There’s nothing like the memories of food and emotion to mark your travels. The flavours we sample when out of our daily routine sometimes stay with us for years. And even when you think you know all about Italian food, there’s always something that will still surprise you. For this post, student Daniel Elia brings us his adventure of Finding Panelle in Italy.

During the Fall of 2012, I was given the opportunity to spend a year in Italy on exchange, attending university while teaching English at a private school. Growing up in an Italian household, food was always at the centre of any encounter or celebration. I had always associated good food with sitting down at my Nonna’s house with homemade soppressata, wine and parmeggiano. As a twenty year old in the middle of his university education in Canada, I had obviously devoured my fair share of street food after a night out drinking. I had never envisioned Sicilian street food tasting surprisingly as delicious as my family gatherings back in Canada.

A childhood friend also on exchange in Denmark and I traveled to Palermo, hoping to attend a soccer game and encounter a greasy Mafioso in his natural habitat. Upon arriving to our hostel, we were greeted by an unbelievably friendly Australian working at the front desk and were swept away with the rest of the occupants of the hostel to the area known as La Vucciria – the meat market. After seeing buildings still in ruins from WWII and interacting with friendly locals who had quite an odd interest in reggae music, we were told we had to indulge in a traditional late-night snack. We were led to a carello with a greasy man, hair greased back, and his chest hair hanging out of his shirt; the quintessential Sicilian stereotype. Without hesitation we paid for our unknown snack and were given the sandwich; Panelle.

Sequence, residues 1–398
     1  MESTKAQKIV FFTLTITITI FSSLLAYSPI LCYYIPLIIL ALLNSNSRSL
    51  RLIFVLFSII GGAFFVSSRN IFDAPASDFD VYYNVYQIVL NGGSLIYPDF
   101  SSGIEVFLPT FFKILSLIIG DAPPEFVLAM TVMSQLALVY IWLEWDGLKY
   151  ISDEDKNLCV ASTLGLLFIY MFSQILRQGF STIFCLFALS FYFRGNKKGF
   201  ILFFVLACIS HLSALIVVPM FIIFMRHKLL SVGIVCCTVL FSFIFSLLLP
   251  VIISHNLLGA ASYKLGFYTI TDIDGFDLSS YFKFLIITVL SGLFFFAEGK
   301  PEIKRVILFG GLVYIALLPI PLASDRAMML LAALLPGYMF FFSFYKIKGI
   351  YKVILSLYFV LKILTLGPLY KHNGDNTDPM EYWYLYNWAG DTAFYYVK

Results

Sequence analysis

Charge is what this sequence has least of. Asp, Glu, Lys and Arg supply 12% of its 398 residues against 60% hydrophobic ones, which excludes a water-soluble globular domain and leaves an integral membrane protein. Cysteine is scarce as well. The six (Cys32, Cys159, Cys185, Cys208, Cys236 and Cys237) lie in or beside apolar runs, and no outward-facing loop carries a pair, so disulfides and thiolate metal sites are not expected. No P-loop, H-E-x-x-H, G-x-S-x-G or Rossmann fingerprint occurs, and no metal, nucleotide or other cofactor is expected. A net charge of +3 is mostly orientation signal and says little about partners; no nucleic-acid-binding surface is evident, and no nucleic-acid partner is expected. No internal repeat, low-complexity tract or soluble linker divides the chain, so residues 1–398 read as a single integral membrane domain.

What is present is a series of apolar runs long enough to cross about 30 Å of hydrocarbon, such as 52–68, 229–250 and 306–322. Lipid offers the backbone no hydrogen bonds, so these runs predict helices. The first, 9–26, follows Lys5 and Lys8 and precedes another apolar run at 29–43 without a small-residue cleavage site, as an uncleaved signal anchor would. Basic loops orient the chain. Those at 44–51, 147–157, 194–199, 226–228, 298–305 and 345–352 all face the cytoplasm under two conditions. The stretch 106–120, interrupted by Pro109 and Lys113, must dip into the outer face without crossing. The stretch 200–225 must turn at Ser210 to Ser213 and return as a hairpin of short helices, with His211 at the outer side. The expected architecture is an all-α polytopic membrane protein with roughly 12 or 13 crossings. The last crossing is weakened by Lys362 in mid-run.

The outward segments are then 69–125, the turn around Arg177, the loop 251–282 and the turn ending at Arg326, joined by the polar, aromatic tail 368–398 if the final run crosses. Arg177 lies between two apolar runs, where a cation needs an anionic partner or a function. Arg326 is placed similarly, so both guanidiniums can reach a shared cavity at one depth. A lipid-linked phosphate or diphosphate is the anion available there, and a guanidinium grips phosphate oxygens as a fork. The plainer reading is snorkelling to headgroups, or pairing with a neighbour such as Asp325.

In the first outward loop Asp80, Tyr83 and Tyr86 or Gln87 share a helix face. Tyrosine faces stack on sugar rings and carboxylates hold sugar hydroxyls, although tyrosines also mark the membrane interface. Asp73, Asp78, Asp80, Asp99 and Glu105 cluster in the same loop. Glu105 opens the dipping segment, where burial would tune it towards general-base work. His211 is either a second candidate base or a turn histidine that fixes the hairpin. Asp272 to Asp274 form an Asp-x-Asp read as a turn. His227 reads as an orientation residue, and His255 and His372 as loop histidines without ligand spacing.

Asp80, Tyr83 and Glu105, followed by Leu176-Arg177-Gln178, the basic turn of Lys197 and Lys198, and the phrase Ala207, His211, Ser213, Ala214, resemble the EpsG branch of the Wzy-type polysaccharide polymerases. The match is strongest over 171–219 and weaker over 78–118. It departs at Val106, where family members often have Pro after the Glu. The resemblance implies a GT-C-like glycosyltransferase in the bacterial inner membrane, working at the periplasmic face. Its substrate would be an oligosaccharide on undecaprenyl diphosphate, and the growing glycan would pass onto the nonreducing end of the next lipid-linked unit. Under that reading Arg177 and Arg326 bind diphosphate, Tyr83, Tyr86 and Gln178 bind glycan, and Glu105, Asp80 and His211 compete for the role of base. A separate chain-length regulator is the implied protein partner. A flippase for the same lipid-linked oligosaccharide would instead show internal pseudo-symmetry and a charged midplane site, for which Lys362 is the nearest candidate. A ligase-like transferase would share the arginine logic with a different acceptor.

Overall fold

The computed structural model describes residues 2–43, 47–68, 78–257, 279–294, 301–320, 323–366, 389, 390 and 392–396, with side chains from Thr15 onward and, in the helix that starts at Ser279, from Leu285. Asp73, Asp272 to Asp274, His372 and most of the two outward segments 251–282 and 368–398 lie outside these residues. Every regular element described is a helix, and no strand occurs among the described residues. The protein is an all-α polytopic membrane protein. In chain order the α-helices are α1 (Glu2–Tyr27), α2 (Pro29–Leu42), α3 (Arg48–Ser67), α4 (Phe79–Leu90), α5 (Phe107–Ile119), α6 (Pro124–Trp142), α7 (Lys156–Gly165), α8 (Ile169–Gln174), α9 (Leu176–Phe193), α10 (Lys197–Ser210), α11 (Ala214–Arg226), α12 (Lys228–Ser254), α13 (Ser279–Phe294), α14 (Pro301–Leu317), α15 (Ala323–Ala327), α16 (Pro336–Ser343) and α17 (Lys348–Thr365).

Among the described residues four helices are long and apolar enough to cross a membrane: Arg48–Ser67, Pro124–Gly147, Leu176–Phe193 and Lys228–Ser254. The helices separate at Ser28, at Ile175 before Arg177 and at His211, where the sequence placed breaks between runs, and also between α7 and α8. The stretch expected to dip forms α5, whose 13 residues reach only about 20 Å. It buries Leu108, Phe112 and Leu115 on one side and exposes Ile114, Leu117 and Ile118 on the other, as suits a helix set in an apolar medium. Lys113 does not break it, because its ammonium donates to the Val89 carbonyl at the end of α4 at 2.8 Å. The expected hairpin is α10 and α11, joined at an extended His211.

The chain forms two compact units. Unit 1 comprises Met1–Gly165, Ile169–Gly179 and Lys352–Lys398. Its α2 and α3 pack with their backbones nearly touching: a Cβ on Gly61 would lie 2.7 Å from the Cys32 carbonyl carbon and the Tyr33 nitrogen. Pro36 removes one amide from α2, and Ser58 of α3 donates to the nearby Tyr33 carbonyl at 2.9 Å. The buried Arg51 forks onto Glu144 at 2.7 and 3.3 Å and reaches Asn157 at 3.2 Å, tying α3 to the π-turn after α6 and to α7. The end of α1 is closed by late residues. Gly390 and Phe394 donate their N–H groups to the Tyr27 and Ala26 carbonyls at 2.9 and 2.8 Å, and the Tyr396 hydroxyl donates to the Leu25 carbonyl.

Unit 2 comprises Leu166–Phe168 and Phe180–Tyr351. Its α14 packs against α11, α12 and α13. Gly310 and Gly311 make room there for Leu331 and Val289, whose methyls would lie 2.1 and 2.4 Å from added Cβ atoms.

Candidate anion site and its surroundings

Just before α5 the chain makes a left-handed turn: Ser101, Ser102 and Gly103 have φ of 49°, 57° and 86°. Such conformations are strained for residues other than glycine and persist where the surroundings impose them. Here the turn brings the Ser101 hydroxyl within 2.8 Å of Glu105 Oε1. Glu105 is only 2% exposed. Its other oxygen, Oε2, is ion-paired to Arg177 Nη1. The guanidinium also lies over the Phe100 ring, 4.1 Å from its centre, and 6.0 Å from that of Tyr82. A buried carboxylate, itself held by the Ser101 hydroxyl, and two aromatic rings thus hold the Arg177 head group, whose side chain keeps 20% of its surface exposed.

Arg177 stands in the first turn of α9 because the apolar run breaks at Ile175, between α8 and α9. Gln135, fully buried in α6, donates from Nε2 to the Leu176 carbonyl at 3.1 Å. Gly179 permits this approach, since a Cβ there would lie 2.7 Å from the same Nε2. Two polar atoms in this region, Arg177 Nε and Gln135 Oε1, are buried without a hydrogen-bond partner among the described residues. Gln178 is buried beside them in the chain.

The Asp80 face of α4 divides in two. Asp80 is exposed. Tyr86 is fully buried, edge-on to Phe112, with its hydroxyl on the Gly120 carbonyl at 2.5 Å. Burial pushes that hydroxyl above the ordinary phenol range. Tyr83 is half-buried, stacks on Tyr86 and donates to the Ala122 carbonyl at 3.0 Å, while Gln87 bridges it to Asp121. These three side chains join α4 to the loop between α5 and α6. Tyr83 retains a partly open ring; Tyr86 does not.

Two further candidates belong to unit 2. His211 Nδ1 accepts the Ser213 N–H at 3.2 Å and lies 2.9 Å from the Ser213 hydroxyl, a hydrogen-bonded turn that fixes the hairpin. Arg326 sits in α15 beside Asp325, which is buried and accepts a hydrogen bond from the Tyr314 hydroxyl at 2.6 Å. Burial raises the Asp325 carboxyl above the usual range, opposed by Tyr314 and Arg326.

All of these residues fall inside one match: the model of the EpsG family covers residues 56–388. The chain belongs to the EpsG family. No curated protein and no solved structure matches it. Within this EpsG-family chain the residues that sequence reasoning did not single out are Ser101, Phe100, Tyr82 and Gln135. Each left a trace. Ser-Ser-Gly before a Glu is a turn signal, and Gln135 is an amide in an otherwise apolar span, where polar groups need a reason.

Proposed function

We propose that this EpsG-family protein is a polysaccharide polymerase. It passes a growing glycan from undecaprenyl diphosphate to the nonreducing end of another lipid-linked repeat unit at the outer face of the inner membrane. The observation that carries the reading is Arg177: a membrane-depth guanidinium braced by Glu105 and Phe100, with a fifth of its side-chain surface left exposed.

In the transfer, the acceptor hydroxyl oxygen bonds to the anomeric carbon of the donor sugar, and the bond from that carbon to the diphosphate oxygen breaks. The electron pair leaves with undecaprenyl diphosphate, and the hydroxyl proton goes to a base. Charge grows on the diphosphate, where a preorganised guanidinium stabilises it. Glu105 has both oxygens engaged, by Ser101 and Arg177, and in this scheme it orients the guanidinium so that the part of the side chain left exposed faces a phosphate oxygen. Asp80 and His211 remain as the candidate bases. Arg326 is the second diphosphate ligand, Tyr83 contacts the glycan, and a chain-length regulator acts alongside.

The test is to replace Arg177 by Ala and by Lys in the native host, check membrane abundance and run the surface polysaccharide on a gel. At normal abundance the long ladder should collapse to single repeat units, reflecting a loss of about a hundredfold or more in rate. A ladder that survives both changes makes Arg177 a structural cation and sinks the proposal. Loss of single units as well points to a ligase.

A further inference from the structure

The historical significance of this snack dates back to the French occupation of the island around 1250. The bourgouise French nobles were affluent and were able to afford fish. Lower-class Sicilians were subjected under harsh rule and taxation, therefore fish was regarded as a luxury. However, Sicilians are a very resilient and sly society. The wives would ask for the oil that the French had been frying the fish in. A chickpea flour pastry was then created and this dough was fried in the oil in order to attain a residual taste of fish.

When I returned to Canada, I looked up the recipe online and came to the conclusion that the only ingredient I was missing was the chick-pea flour. One night, driven to satisfy this craving, I set out to make my own chick-pea flour. I created a chick-pea mush out of canned chick-peas and mixed it with normal all-purpose flour. Unfortunately, the process derailed somewhere along the line as the finished product was very mushy on the inside. However, there was a slight glimmer of the delicacy somewhere in there.

I told my mother about the failed culinary experiment and she went out on the hunt for chick-pea four. After months of searching periodically, she finally got her hands on Indian chick-pea flour. I find it amazing how a simple Sicilian street food dish can incite such profound memories to continue and flourish years later. The flour awaits the next family gathering and will be enjoyed along side Calabrese cuddurieddi.


Written by Daniel Elia
Edited by Pistol Romagnoli

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